Patrick Schoolar has coached the likes of former Ole Miss and NFL defensive lineman Channing Ward and former Mississippi State defensive back Jamerson Love when he was the head coach at Aberdeen.
Since he took over as head coach at Neshoba Central in 2016, Schoolar has gotten to watch Jarquez Hunter evolve from Hunter’s eighth grade season through now. When he talks about his senior running back/linebacker, Schoolar doesn’t downplay Hunter’s ability — or where he stacks up among the players he’s coached.
“I’ve been able to coach two SEC guys and one NFL guy, but they didn’t have what he has,” Schoolar said. “In coach talk, it’s called the dog in him. It’s always great when your quote-unquote best player is also one of your hardest workers, too. He’s not real flashy or boastful, he just shows up every day and works. The young guys see that, and the older guys do, too, and it sets a precedent. If you want to be the best player on Friday, you have to be the best player Monday through Thursday.”
The flashiest part of his game is Hunter’s offensive play. In Week 1 against Tupelo, Hunter finished with 179 yards rushing on 32 attempts and 26 yards receiving on two catches while scoring two touchdowns. Against West Lauderdale in Week 2, Hunter tallied 113 yards and three touchdowns on 17 rushes.
But Schoolar said he’s just as valuable on defense. Versus Tupelo, Hunter finished with four tackles, one sack and one forced fumble. Against West Lauderdale, Hunter scooped up a fumble and ran 47 yards to pay dirt on what Schoolar called the play of the game due to it putting the Rockets ahead by two scores, 21-7, at the time.
“Overall, he’s the best player in Mississippi, and I’ll keep saying that,” Schoolar said. “On defense he plays outside linebacker, but if (the other team) has a really good receiver we’ll line him up at cornerback. He could probably play receiver. He’s just very versatile, and he can play anywhere on the field at any time.”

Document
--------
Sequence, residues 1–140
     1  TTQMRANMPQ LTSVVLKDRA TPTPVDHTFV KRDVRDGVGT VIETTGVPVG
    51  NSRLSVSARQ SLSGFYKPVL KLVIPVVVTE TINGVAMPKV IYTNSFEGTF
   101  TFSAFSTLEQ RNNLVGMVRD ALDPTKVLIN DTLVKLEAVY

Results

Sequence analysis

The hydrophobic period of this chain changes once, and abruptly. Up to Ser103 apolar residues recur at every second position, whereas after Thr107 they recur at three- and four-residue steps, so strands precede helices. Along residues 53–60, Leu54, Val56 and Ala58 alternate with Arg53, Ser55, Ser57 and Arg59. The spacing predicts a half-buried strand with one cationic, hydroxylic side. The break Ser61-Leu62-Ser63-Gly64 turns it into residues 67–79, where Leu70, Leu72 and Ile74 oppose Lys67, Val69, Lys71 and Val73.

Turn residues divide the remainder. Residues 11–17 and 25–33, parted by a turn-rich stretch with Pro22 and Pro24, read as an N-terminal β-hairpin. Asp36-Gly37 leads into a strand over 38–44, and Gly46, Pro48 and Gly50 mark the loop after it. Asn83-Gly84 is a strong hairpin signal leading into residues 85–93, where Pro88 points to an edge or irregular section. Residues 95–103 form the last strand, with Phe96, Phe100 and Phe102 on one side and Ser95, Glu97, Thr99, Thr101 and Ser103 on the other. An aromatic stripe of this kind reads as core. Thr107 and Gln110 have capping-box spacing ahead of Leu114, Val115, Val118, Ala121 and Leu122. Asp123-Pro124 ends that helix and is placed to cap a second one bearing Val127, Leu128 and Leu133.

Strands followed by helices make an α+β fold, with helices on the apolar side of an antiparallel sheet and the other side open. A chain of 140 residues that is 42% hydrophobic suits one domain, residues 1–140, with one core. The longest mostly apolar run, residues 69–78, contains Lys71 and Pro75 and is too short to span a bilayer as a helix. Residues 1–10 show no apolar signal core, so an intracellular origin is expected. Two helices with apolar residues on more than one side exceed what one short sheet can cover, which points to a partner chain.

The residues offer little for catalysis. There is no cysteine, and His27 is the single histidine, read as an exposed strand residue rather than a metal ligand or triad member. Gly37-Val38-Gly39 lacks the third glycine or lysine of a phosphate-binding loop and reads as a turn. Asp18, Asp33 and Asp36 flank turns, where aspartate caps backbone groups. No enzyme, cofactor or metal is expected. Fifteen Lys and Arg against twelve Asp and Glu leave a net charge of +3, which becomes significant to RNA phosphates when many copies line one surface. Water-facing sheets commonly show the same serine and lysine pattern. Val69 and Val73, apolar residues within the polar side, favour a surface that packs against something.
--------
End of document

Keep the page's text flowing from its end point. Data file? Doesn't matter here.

Hunter said he’s played both sides of the ball as long as he’s played football. On defense he’s mostly played linebacker, though he was primarily a safety his freshman year.
“I just like being out there,” Hunter said. “It doesn’t really matter to me.”
He doesn’t come out of games much, either.
“He is the ultimate competitor if there ever was one in my book,” Schoolar said. “He wants to be on the field every play, and the thing about it is, he gets mad when you take him out — and you want that. We’d love to give him a break here and there… but why?”
Though he admits to getting tired, Hunter said he’s used to the workload, and his body usually adjusts well to it as the season progresses.
“We condition in practice, and afterward I go out there and ether run the 110 (meters) or run a mile. I also drink a gallon of water a day,” Hunter explained. “At the beginning of the season I’ll get more tired, but as the season goes on I’m not as tired.”
Playing both sides of the ball also gives him an advantage when scouting the other team.
“Sometimes I can tell what the offense is going to run, like how they line up when they run the screen or how the offensive line moves when they’re running or passing,” Hunter said.
When trying to quantify how valuable Hunter is on defense, Schoolar pointed to last year’s first-round playoff game against Grenada. The Rockets trailed 21-0 at one point before cutting Grenada’s lead to 24-20 late in the third quarter. Hunter then had a 27-yard interception return for a touchdown to give Neshoba Central its first lead of the game at 26-24, which wound up being the final score. He also said Hunter’s ability on special teams is overlooked.
“He’s irreplaceable, to be honest,” Schoolar said. “I think last year he had 75 or 80 tackles and probably six picks last year, four of those pick sixes. Basically, the pick six in the playoff game against Grenada won the game. People forget about his defense and his return game. Just catching a punt is big, but he catches it and then gets 10 or 12 yards on the return, or even 40 yards. Field position is huge, and he helps us on that and then turns around and plays offense.”
While he’s willing to play anywhere, Hunter admitted there’s a unique thrill in running players over as a rusher.
“It just gets me more hyped,” Hunter said.
Not that he doesn’t enjoy making tackles as well.
“When I deliver a hit, it makes me feel good, too,” Hunter said. “Most people try to block me off the edge, but the linemen are too slow, so I can get to the quarterback, running back or whoever is carrying the ball.”